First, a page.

There are tons of free css menu systems available online and most are set up in the way you describe.
Hold it, Project VII and WebAssist do menus that are not lists?
Here's a Project VII menu that I have deployed:
<div id="p7PMM_1" class="p7PMMh08 p7PMMnoscript">
<li><a href="#">Bed Bugs</a>
<li><a href="bed/about.html">About Bed Bugs</a></li>
<li><a href="insect/bee.html">Solitary Bees</a></li>
<!--<li><a href="#">Other Insects</a></li> -->
<div class="p7pmmclearfloat"> </div>
And here's a WebAssist menu:
<ul class="level-0" id="cssmw_home">
<li><span><a href="aboutus.html">About Us</a></span></li>
<li class="parent"><span><a href="products.html">Products</a></span>
<li class="parent"><a href="products/pavers.html">Pavers</a>
<li><a href="products/pavers/kfbrick.html">KF Brick</a></li>
<li class="parent"><a href="products/retainingwalls.html">Retaining Walls</a>
<li><a href="../products/retainingwalls/ab.html">Allan Block</a></li>
<li class="parent"><a href="video/Walrock/walrock.html">Wallrock</a>
<li class="parent"><a href="products/masonry.html">Masonry</a>
<li class="parent"><a href="products/bulk.html">Bulk</a>
<li class="parent"><a href="products/culturedstone.html">Cultured Stone</a>
<li><a href="products/culturedstone/thinbrick.html">Sunset Veneers</a></li>
<li><a href="products/culturedstone/cultured.html">Cultured Stone</a></li>
<li><a href="products/culturedstone/nsvi.html">NSVI Veneers</a></li>
Funny, they really look like lists to me. Now maybe I don't get lists, or maybe I don't understand lists as you know them, but these look an awful lot like lists to me and they are currently deployed and working. In all browsers.
What I would recommend is that you consider what the good folks at Project VII have for responsive layouts and their menus. And you can also roll your own, as there are tons of pure CSS dropdown menus out there
None of these require jQuery and I personally think you're heading down a wrong path in picking a jQuery system.
- First, you do not need jQuery for responsive (please see the three examples above and there are more).
- Third, the three examples above as well as the menuing system that Project VII sells (that you say is not based on lists) do not rely on jQuery, which means you're looking into a menuing system that will increase download times unnecessarily on your websites.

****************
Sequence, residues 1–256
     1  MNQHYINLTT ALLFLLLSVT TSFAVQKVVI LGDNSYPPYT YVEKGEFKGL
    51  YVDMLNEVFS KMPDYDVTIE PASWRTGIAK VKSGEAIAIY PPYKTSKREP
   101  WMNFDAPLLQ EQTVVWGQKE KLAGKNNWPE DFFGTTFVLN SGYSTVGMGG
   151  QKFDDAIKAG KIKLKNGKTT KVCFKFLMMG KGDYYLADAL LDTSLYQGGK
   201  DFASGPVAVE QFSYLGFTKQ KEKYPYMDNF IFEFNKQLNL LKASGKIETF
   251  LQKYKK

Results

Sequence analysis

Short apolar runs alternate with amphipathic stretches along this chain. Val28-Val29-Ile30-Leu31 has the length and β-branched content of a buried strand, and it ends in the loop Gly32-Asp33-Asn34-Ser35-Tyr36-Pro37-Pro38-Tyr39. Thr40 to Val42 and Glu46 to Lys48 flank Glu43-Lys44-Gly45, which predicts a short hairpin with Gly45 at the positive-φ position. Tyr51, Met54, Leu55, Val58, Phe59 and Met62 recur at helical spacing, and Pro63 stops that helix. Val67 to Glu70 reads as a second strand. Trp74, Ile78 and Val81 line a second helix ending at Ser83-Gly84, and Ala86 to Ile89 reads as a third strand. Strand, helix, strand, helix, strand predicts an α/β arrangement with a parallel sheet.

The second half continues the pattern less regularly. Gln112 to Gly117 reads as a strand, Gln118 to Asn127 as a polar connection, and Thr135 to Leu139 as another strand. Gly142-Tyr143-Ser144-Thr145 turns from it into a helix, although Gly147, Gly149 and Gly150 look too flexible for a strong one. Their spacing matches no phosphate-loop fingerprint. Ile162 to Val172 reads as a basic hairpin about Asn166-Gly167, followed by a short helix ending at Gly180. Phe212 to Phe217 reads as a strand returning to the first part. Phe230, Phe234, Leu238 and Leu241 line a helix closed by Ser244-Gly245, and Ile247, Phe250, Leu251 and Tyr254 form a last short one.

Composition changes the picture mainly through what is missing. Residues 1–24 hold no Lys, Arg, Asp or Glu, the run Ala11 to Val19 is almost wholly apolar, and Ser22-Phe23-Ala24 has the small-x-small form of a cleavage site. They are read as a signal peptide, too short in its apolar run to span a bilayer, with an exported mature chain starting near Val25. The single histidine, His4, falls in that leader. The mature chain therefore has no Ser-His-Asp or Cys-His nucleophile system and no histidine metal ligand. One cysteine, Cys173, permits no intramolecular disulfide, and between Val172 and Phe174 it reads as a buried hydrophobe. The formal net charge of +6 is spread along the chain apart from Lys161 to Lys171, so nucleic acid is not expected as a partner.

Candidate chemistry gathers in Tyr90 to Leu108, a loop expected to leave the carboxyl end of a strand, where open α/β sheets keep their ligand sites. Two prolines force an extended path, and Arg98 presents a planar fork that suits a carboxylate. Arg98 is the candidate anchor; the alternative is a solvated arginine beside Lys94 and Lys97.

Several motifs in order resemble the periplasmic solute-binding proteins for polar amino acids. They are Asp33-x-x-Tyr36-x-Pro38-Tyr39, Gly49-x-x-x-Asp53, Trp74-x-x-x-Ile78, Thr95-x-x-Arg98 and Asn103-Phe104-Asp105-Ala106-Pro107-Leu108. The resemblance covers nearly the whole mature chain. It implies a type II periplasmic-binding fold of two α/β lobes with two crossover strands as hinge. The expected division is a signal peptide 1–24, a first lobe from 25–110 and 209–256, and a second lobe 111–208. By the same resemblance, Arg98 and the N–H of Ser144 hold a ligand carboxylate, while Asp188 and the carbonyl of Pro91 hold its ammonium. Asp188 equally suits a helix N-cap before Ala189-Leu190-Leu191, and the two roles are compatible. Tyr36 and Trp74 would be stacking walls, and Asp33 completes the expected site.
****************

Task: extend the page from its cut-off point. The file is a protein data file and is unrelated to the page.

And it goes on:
So survey your real options and pick something that you like. In my opinion, something based on jQuery will tend to be a real problem.
Can you suggest any that you have used?
I get overwhelmed when I am confronted with "tons of free css menu systems available online" to choose from. Thats why I come to this forum in search of products reccommended by others more wise them me.
Opps, I sent this before noticing that mhollis55 listed a couple suggestions.
The reason why there are "tons of free CSS menu systems available online" is because if you look at any web page, you can view the source. When you view the source, you get to see how someone else did something. When you see how someone else did something, you get to use what they did and add your own refinement.
If you have a lot of websites with Spry navigation, I would buy Project Seven's Pop Menu Magic or Drop Menu Magic. These come in .MXP and .ZXP plugins for Adobe Dreamweaver and will let you rip out your old navigation and put in new navigation in your website.
So if you have:
... Spry navigation stuff here
You can take out the stuff between the open and closing div tags, get rid of the links in your <head> are to the Spry code and then place your cursor in the div you had set up for navigation and activate the Project 7 plugin. Then build your navigation using their tool.
Drop Manu Magic works with the new Responsive websites, Pop Menu Magic works with the older fixed-width sites. Both are rockin' tools that will get you where you want to go and, if you divide the cost of the plugins by the number of websites you have, you'll find them cheap.
The links I gave you above are links to tutorials that will show you how to do this without a plugin and manage your code yourself.
I have licenses for all of the WebAssist extensions and I recently used their CSS Menu Writer (part of Design Extender) and it does create what appears to be a list in a menu.php file. However I would be uncomfortable just updating the list in that file because when I add an item to the menu with the CSS Menu Writer GUI, it updates at least three files in a CSSMenuWriter folder, which I then have to remember to synchronize.
I am not familiar with the PVII menu systems although I do have their Tooltip Magic product. I was looking at their Tree Menu Magic even scanning through the users guide and all references to editing the menu referred to the GUI, no mention of editing/importing the list directly.